• Joakim Nørkjær Holmgaard
  • Nanna Kjær Nielsen
  • Katherina Madhuri Nielsen
The past year has been turbulent when following Greenlandic-Danish security politics. The slow policy process of the Arctic Capability Package (ACP) caused major disagreements between the Danish government in Copenhagen and the Greenlandic semi-autonomous Naalakkersuisut (Self-government) in Nuuk. In February 2021, the ACP was presented at a press conference, where only Danish parliamentarians were present, causing dissatisfaction in Greenlandic political circles. This led to protests from Greenlandic politicians about the lack of the legally obliged inclusion of Greenlandic authorities in the security policy processes concerning Greenlandic territory. The Danish government and the Naalakkersuisut signed an additional Principle Agreement, that specified and altered parts of the original ACP in May 2022. The analysis in this thesis is based on interviews with experts and actors from the policy process as well as the official documents leading to and forming the ACP: the Arctic Analysis of 2016; Principle Agreement of the ACP.
This thesis studies the complex policy process of the ACP through the framework of the policy cycle as it is described by Howlett and Ramesh (2003). The five stages of the policy cycle constitute the main structure of the analytical approach, yet it becomes increasingly complex due to the untraditional procedure of the development of the ACP. In addition, this project employed Bacchi’s (2009) version of the “What’s the problem represented to be?” (WPR) in the first stage of the policy cycle, agenda-setting. The WPR supported the mapping of the problem which the Danish government presents within the ACP. The WPR was utilised to ensure that the thesis focuses on the right problem without being biased and promoting any political ideologies when analysing the policy cycle. Furthermore, the decision-making stage applies Hayes’ (in Morcol, 2007) version of Lindblom’s (1965) theory of incrementalism. The discussion utilises the findings in the analysis for a reflection of the challenged communication flows between Greenlandic and Danish authorities. The chapter also discusses how postcolonial ties and the contrasting military traditions in Greenland and Denmark can be argued to affect current policy processes and legal structures.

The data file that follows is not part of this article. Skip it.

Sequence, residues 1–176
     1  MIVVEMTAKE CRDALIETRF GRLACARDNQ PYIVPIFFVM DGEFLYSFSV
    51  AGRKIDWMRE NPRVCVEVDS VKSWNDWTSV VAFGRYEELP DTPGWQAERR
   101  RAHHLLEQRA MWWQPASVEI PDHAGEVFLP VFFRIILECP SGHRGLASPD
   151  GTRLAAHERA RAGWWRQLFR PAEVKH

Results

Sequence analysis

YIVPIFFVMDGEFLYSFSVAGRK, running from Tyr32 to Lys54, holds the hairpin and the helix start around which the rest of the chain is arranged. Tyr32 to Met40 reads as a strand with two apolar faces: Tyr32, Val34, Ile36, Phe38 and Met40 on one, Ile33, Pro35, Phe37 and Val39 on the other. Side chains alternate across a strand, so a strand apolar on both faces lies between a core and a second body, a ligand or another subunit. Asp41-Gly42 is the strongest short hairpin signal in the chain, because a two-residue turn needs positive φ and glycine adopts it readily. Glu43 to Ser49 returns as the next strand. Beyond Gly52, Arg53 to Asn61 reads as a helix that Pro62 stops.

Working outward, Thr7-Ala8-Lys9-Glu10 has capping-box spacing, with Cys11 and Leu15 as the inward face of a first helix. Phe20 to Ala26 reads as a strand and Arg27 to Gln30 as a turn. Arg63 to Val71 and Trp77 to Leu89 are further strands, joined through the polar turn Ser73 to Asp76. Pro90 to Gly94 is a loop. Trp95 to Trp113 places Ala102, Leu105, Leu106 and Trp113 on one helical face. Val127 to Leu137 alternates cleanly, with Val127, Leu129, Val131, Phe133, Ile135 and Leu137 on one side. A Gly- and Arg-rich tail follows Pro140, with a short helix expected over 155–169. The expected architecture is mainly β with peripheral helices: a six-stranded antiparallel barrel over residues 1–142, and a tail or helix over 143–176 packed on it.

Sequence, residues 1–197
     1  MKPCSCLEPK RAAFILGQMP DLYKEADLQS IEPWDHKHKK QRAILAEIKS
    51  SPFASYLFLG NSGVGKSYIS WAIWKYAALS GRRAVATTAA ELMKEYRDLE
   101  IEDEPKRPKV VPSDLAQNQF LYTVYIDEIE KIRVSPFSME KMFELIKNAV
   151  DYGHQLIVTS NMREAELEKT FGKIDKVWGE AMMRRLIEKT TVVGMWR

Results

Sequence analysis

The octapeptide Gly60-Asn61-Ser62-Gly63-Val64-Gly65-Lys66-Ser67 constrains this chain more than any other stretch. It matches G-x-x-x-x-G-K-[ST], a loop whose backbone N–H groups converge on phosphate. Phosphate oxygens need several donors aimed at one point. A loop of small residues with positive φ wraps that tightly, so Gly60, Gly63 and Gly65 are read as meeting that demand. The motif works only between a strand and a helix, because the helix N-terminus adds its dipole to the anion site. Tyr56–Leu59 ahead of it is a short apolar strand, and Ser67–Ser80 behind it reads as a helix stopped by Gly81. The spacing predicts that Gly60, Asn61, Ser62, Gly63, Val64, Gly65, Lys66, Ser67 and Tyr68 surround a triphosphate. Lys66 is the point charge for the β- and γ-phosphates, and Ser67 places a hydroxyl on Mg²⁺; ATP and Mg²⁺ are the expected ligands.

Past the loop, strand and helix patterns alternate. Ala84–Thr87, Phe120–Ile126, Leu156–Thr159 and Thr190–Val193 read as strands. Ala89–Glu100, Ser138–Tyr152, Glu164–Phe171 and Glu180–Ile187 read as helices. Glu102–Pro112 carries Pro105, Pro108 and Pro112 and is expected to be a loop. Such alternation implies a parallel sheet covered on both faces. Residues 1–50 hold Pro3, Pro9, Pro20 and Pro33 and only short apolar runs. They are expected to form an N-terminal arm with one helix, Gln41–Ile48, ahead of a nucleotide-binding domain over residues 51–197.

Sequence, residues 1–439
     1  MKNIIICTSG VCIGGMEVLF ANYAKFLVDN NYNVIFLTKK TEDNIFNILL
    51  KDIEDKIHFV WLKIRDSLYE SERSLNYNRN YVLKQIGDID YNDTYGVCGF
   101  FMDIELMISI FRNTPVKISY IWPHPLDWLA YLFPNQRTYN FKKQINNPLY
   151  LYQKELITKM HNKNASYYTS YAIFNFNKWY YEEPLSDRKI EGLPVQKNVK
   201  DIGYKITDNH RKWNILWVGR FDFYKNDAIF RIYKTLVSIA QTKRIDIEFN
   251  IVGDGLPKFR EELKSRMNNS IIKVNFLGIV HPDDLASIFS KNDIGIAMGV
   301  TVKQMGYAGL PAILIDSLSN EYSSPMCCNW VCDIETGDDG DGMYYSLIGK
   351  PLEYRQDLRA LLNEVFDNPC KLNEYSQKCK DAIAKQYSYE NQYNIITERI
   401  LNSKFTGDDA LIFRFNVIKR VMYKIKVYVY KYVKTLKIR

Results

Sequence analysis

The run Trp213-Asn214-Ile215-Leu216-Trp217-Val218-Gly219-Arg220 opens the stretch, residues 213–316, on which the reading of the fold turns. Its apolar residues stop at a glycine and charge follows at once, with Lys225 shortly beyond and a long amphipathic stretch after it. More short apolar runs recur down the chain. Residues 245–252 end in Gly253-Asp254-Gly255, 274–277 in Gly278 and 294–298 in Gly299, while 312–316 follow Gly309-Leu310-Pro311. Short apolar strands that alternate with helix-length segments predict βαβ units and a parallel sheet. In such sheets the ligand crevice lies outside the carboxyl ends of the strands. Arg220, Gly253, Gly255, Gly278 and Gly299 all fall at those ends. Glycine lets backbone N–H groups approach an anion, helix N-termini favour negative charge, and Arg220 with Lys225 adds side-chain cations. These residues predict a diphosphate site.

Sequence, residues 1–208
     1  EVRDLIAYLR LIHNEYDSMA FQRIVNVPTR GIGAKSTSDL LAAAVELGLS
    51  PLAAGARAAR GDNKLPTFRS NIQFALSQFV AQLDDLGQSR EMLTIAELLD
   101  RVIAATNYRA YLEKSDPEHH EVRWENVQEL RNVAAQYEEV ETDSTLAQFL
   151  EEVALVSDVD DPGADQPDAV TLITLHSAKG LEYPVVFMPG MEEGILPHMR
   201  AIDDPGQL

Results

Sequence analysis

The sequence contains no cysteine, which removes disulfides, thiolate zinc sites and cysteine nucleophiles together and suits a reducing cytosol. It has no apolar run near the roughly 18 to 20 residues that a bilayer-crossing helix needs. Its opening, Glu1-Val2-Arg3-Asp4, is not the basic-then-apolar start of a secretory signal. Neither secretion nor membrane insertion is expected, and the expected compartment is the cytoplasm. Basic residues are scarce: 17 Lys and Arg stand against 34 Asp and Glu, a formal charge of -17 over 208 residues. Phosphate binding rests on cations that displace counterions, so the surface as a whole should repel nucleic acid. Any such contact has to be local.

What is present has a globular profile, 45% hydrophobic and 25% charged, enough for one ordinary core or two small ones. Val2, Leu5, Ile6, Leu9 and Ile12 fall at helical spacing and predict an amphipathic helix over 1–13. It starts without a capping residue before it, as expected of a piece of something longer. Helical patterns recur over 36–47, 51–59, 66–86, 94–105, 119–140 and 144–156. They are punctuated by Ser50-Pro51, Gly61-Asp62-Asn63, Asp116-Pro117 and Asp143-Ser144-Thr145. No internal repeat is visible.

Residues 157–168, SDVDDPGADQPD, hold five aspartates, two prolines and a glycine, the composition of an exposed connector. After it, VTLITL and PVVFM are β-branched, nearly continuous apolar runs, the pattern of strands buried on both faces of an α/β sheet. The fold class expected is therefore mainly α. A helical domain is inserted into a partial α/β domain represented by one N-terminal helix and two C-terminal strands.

This project concludes that a poor flow of communication and information are one of the main reasons for the overwhelming complexity of formulating and implementing an Arctic security and defence policy in the Kingdom of Denmark. The Greenlandic policy actors have been found to be limited in their access to information and consultation, thereby also in the decision-making process. This is caused partly due to the vague definitions in the legal foundation of Greenlandic inclusion security policy formulation concerning the Arctic region of the Kingdom of Denmark.
Publication date2022
Number of pages90
ID: 471731395